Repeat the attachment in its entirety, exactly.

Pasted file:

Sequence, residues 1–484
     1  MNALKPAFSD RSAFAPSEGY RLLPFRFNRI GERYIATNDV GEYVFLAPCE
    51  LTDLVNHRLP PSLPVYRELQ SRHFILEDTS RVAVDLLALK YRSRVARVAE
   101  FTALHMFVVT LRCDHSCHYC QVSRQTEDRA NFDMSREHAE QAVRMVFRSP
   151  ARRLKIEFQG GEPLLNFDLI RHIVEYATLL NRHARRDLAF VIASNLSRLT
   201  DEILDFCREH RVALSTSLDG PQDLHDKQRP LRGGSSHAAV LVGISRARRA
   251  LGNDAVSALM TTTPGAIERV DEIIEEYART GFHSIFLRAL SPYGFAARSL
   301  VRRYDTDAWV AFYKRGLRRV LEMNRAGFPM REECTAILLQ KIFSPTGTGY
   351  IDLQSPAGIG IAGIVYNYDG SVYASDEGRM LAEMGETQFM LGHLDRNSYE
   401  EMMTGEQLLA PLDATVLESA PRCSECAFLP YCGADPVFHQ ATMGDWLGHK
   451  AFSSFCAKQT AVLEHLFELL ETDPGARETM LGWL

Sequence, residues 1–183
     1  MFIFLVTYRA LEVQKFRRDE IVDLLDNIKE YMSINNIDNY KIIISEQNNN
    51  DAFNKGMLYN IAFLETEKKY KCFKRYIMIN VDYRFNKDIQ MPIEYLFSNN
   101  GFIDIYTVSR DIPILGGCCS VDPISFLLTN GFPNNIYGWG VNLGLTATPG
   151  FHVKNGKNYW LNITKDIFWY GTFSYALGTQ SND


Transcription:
Sequence, residues 1–484
     1  MNALKPAFSD RSAFAPSEGY RLLPFRFNRI GERYIATNDV GEYVFLAPCE
    51  LTDLVNHRLP PSLPVYRELQ SRHFILEDTS RVAVDLLALK YRSRVARVAE
   101  FTALHMFVVT LRCDHSCHYC QVSRQTEDRA NFDMSREHAE QAVRMVFRSP
   151  ARRLKIEFQG GEPLLNFDLI RHIVEYATLL NRHARRDLAF VIASNLSRLT
   201  DEILDFCREH RVALSTSLDG PQDLHDKQRP LRGGSSHAAV LVGISRARRA
   251  LGNDAVSALM TTTPGAIERV DEIIEEYART GFHSIFLRAL SPYGFAARSL
   301  VRRYDTDAWV AFYKRGLRRV LEMNRAGFPM REECTAILLQ KIFSPTGTGY
   351  IDLQSPAGIG IAGIVYNYDG SVYASDEGRM LAEMGETQFM LGHLDRNSYE
   401  EMMTGEQLLA PLDATVLESA PRCSECAFLP YCGADPVFHQ ATMGDWLGHK
   451  AFSSFCAKQT AVLEHLFELL ETDPGARETM LGWL

Sequence, residues 1–183
     1  MFIFLVTYRA LEVQKFRRDE IVDLLDNIKE YMSINNIDNY KIIISEQNNN
    51  DAFNKGMLYN IAFLETEKKY KCFKRYIMIN VDYRFNKDIQ MPIEYLFSNN
   101  GFIDIYTVSR DIPILGGCCS VDPISFLLTN GFPNNIYGWG VNLGLTATPG
   151  FHVKNGKNYW LNITKDIFWY GTFSYALGTQ SND